Responsibility Requires Authority
by Paul Finch
Programme Director, World Architecture Festival
May 11, 2022
Letters from London: Paul Finch questions emerging contractual models
What distinguishes architects from most others in the teams that create buildings?
You might argue it is the critical unwritten contracts between designer and unknown future users of the building that has been created: schoolchildren, teachers, parents in the case of schools, or patients, health workers and visitors in the case of hospitals. But just as importantly, this unwritten contract includes the working conditions and amenities for these office, factory, retail and warehouse staff members.
These contracts are unwritten because they would be impossible to write, but the effect of an architect’s work is far greater than any encompassed in the formal appointment documents with clients, whether they be individuals, contractors or corporate organizations.
These unwritten contracts, obligations over and above duties to the fee-paying clients, are a symbol of what it means to be a professional. With professional responsibility comes the obligation to carry professional indemnity insurance, expressing the long-term liability of architects for the work they undertake.
Construction companies and specialist subcontractors do not generally insure themselves except where they may undertake detailed design work. Their limited liability status, and their ability to close their company at the end of a contract or undertake construction work as part of a special financial vehicle that ceases on completion of the project, is in marked contrast to the seemingly eternal liabilities of the design professions.
Until recently, the assumption was that architects could and should fulfill their professional responsibilities through, among other things, involvement with assessing tenders and inspection of supervision of work on-site as it proceeds. Decisions involving design could not be taken without reference to the architect.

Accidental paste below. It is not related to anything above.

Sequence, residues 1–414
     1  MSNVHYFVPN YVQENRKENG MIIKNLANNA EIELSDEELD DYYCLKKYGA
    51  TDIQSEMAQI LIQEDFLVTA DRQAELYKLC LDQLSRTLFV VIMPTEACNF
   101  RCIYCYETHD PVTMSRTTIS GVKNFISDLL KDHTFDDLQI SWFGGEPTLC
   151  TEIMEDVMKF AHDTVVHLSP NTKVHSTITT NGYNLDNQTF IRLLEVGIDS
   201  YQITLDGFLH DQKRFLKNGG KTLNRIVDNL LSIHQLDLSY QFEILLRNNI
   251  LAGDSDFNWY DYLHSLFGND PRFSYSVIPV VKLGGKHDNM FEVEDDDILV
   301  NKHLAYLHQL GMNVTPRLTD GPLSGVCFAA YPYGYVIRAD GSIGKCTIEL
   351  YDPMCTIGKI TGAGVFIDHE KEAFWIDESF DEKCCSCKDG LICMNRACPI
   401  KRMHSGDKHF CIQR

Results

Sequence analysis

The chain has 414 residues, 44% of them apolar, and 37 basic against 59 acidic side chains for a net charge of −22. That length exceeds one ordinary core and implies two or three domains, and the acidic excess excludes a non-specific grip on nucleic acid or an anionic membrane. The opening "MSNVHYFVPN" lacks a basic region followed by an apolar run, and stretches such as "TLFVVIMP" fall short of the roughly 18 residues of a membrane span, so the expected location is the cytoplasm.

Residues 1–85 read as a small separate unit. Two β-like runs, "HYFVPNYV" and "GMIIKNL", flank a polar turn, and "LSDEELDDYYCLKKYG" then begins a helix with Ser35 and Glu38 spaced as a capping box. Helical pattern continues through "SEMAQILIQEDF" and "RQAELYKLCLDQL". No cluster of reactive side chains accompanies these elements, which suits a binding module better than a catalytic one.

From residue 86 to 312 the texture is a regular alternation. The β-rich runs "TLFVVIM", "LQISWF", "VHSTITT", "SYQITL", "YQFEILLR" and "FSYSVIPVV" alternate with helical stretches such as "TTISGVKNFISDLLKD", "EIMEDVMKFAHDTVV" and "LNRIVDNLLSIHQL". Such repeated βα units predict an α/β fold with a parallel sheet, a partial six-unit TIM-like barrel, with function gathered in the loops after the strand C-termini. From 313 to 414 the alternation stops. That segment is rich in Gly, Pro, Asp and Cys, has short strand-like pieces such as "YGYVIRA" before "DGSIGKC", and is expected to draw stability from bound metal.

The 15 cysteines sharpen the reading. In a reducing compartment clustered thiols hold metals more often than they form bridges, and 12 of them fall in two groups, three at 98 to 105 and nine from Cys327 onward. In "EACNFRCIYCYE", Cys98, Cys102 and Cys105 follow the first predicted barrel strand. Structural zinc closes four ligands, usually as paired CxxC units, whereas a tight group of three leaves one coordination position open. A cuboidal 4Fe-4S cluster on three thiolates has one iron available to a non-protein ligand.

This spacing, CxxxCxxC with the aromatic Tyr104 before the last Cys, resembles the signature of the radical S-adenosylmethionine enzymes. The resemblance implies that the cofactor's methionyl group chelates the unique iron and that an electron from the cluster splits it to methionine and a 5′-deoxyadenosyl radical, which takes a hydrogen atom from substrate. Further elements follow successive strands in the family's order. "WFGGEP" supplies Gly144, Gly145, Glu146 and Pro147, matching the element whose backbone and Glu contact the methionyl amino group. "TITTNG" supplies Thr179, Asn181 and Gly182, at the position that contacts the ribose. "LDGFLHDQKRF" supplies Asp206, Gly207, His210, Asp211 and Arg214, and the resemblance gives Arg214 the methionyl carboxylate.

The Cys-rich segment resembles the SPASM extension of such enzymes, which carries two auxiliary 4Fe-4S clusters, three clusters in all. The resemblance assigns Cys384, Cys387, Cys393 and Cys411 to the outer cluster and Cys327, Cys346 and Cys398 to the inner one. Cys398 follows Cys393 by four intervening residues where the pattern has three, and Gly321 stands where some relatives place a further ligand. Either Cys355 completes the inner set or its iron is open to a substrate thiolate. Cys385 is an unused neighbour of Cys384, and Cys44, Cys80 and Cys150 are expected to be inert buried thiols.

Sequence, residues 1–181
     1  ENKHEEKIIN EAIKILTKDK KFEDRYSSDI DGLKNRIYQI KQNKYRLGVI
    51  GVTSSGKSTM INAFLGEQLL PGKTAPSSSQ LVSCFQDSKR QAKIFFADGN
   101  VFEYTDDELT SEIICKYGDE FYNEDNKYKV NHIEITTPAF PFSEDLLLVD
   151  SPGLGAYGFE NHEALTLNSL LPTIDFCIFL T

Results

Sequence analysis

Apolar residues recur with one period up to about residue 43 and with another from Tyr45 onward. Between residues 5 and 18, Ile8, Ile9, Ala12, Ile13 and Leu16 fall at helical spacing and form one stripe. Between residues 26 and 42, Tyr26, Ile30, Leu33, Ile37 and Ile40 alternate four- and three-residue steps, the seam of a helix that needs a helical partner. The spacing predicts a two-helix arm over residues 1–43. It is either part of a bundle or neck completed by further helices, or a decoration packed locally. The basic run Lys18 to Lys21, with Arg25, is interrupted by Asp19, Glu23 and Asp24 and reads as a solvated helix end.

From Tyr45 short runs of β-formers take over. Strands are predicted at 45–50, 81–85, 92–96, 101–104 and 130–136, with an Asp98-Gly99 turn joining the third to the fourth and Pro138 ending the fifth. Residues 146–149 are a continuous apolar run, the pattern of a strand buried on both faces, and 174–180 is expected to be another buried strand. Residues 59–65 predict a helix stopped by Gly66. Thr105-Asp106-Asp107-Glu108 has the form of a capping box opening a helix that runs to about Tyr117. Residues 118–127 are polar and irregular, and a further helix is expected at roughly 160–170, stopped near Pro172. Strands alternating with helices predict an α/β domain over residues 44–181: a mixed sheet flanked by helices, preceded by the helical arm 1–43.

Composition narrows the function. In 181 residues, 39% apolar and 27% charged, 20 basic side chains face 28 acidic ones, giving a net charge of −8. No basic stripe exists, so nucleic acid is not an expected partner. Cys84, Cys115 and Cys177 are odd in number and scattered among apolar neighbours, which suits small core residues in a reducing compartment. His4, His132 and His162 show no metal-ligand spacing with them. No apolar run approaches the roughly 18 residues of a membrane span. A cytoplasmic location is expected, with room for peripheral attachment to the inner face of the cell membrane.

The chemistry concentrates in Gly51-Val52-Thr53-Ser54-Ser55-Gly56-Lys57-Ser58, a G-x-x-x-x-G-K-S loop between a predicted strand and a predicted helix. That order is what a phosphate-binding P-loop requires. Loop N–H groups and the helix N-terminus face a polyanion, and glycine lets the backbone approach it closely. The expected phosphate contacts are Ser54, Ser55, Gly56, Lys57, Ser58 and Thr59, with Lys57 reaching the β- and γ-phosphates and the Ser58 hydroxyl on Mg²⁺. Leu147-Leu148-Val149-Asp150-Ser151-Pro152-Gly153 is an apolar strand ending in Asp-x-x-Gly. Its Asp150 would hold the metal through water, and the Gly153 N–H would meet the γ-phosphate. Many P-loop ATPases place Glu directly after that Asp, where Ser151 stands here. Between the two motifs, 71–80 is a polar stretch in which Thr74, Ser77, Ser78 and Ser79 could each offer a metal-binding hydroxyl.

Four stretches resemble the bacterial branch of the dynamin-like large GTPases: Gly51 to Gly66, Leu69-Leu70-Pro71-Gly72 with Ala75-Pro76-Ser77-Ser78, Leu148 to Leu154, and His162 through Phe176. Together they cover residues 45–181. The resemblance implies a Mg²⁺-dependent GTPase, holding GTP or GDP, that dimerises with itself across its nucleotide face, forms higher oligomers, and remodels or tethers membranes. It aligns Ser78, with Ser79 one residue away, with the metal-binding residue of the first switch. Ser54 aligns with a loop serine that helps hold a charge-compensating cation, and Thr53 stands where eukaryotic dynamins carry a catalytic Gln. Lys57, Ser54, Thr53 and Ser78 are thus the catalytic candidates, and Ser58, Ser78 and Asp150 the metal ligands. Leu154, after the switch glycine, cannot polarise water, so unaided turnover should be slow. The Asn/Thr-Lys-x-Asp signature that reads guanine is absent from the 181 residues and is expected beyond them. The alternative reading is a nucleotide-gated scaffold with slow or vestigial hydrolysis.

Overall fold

Is this any longer the case?
In the U.K., the answer is absolutely not. While small projects may run on conventional lines, using conventional forms of engagement, significant buildings these days tend to be procured using design-and-build contracts, often with the architect “novated” to work for the contractor, having successfully achieved planning permission. This sort of arrangement has been commonplace for two decades, and for architects there is some relief that the potentially antagonistic relationship between designer and contractor is, in theory, eased by the clarity of the new arrangement.
Unfortunately, it is not necessarily the case that the contractor respects the ideas or the work of the architect. In order to win the contract, unrealistic bids may have been submitted, meaning that to make the job profitable, the contractor needs to find savings in respect of time and cost of materials. There is built-in pressure to cut costs.